Production of Biodiesel from Vegetable Oils or Tallow

By Dr. Hans Valerius
October 2005

The Author is Director at Enigma Process Technologies Corp in Muntinlupa, Philippines. His company provides engineered solutions for laundry waste, hospital waste, animal blood, animal waste, palm oil mill waste etc. → See also:

Biodiesel Technology

Biodiesel

Advantages and Emissions

From the point of view of ecology the Biodiesel has many advantages in comparison with the diesel fuel oil as it causes lower emissions when burned in diesel engines:

Carbon Monoxide emissions:
Carbon monoxide (CO) is emitted, during the combustion of biodiesel in diesel engines, in lower quantity (less than 50% of the same engine fuelled with normal diesel fuel oil). Toxicity of carbon monoxide is well known, especially in crowded towns.
Sulphur Dioxide emissions:
There is no emission of sulphur dioxide (SO2) because the biodiesel is a sulphur free compound (no damaging due to sulphur dioxide to monuments and to vegetation besides to the human health).
Carbon particulate emissions:
The so called "carbon particulate" (smoke) emission is by 65 % lower than the one emitted by normal diesel fuel oil (reduced effect on health, smog and damaging to buildings).
Aromatic organic product emissions:
Biodiesel does not contain any aromatic product (benzene derivatives compounds) that have been demonstrated to be very hazardous for human health.
Carbon Dioxide Balance:
Carbon dioxide (CO2) emitted during biodiesel combustion has a zero balance towards the environment because it is re-absorbed by future crops growth or by the growth of the animal fats.

Biodiesel can be considered a "renewable" fuel for its living matter origin (90%). Biodiesel is not harmful to human health, to vegetation, to monuments and to buildings. It is hence preferable to normal diesel fuel oil especially for public transportation and crowded towns traffic.

Application

Energy balance
The energy balance of biodiesel (the difference between the energy produced during the combustion of one kg of biodiesel against the amount of energy spent for its production) is positive for at least 30%. Then the production of biodiesel does not ”deplete” the natural environment from an energetic point of view.

Immediate use in existing engines
Biodiesel, to get a perfect combustion, does not require any modification to endothermic diesel existing engines and then the engines can be fuelled both with normal diesel or biodiesel and even with mixed fuels.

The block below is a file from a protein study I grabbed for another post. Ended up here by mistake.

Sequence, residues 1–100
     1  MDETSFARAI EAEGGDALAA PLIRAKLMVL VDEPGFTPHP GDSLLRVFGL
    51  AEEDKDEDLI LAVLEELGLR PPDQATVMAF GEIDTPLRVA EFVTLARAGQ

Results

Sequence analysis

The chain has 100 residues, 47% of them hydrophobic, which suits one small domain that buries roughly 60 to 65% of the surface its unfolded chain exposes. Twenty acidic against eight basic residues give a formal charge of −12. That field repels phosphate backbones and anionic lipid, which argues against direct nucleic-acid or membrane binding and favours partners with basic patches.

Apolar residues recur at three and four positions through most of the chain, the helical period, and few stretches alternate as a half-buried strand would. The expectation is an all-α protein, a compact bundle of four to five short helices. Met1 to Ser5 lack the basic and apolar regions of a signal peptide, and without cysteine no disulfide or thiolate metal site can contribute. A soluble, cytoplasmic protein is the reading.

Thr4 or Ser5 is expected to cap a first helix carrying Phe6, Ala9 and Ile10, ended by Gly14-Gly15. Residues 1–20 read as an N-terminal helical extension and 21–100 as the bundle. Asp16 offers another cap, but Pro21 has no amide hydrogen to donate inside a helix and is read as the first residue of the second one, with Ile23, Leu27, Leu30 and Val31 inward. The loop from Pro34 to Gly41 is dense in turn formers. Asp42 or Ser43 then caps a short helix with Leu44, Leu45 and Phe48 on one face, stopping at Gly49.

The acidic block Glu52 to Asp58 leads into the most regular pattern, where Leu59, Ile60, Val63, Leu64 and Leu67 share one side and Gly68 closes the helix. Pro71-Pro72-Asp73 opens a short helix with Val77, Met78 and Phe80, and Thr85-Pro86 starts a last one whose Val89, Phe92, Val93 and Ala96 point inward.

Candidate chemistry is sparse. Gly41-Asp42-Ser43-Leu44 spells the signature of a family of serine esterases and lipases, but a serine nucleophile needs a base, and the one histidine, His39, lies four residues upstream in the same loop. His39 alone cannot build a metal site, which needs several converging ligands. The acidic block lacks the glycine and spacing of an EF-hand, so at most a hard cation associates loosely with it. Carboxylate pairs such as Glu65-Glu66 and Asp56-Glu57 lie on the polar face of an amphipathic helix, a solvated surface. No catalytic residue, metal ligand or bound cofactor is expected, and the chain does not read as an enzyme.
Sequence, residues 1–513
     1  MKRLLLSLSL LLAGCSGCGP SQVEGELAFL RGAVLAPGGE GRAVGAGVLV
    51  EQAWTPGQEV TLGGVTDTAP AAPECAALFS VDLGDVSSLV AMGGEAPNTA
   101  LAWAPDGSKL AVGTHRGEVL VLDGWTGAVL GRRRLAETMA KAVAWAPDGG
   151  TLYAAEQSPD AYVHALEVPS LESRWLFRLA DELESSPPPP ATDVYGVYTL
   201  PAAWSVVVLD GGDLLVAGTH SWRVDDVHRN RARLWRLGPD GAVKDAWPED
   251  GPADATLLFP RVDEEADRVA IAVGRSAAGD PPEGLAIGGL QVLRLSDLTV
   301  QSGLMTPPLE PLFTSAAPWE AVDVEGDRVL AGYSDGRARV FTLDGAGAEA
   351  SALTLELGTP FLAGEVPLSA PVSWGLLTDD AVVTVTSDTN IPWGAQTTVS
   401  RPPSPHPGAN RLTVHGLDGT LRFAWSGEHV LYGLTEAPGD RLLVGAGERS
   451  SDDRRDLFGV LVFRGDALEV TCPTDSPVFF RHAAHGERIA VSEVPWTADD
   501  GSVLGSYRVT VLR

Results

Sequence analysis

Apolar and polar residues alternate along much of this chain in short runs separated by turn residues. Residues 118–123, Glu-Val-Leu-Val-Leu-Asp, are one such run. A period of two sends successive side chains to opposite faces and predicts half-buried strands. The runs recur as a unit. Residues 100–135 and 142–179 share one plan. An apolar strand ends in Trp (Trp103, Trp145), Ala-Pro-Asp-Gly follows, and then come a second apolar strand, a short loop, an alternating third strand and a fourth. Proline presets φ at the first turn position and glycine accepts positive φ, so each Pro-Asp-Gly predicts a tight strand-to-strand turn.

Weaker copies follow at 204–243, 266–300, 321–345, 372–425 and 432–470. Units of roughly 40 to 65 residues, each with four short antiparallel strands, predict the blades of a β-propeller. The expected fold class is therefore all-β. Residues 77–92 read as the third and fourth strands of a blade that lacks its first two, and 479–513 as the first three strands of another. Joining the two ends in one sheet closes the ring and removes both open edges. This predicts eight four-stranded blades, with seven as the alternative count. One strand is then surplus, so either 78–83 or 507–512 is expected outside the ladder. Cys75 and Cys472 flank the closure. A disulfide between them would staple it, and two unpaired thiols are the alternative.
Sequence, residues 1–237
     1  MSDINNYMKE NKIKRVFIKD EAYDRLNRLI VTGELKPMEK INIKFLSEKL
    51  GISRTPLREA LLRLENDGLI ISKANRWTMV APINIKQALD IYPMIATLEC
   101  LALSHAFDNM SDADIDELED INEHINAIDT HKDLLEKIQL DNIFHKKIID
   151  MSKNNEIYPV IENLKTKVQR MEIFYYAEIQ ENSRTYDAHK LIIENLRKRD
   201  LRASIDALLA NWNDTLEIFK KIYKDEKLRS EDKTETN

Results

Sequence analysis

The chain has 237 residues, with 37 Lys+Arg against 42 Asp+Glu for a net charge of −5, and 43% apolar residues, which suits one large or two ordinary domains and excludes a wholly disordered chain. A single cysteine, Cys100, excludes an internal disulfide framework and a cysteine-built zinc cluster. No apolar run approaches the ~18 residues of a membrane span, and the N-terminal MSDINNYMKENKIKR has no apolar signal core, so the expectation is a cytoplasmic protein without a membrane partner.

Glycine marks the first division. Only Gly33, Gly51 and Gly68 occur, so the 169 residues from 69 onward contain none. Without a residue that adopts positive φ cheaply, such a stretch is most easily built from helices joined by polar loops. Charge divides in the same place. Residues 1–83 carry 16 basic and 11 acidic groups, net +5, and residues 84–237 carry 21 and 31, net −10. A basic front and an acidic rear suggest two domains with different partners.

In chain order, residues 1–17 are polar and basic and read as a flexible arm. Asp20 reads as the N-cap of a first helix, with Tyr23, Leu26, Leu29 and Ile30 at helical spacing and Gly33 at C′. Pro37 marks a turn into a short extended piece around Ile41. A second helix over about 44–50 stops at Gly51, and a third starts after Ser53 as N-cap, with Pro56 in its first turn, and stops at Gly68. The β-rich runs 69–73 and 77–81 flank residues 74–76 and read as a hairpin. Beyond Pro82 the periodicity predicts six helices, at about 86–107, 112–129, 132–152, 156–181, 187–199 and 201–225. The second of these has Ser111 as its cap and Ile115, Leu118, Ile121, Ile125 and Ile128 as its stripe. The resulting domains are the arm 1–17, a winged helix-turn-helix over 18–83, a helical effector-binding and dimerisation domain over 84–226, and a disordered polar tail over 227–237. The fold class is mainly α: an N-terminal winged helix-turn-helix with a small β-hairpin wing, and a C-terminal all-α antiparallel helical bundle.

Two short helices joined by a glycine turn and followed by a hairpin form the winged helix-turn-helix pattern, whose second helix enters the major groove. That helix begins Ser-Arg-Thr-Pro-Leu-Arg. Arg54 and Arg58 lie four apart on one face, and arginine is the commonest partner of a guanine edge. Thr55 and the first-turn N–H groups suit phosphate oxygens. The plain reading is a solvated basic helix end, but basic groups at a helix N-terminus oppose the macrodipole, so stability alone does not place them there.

Economic importance of by-produced raw glycerol
From the production of biodiesel raw glycerol as by-product is obtained. Every 1000 tons of biodiesel about 100 tons of raw glycerol are obtained. If the biodiesel plant is integrated with a glycerol distillation unit, the revenues from the sale of USP grade glycerol cover most part of the direct transformation cost of the oil into biodiesel. The market for pure glycerol is huge, more than 1500 different end uses have been identified. Glycerol can be exported world-wide.

Savings of hard currency and reduction of low skilled unemployed local manpower
Those Countries that are import dependant for oil and that have high level of unemployment for local man power may find in a nation-wide biodiesel program important social and economic benefits with only minor investment cost:

Material Flow Diagram

Material Flow Diagram

Process Description

The proposed Biodiesel production process is named C.J.R. technology (Continuous Jet Reactor). It reduces by more than 30% the overall investment costs in comparison to competition as this process does not require the costly agitated vessels that are necessary for a batch production. With this process it is also possible to utilise directly the raw oil (unrefined oil) or animal fats (tallow and grease) with an additional saving in the raw material cost.

The process starts with tallow preliminary treatment. The oil is treated with solvent by filtration to remove solids impurities. Proteic residues, together with filtration residues, can be sold as animal feed or sent to composting. The treated oil is sent to the biodiesel production plant.
Two reactions in series are provided in the process (the first one is used to remove free fatty acids and the second is meant for the transesterification to biodiesel). Oil and methanol are continuously fed, together with the catalyst, into reaction units.
Methanol (which is fed in excess) and produced glycerol are separated from biodiesel excess methanol is recycled into reaction units.
The production of USP grade glycerol from crude glycerol requires a specific know-how as the distillation of crude glycerol is not an easy task especially when the crude glycerol contains inorganic salts that may cause the glycerol to become jelly.
The process has been successfully implemented in Italy to treat crude glycerol from biodiesel (that is the worst case to handle) and from other more traditional sources.
The biodiesel and glycerol processes are not polluting and are provided with the necessary devices for environmental protection and safety. For the two reaction units special proprietary designed reactors are used. The reactors have no moving parts and specific productivity is high with low investment and maintenance costs as there is very little wearing.

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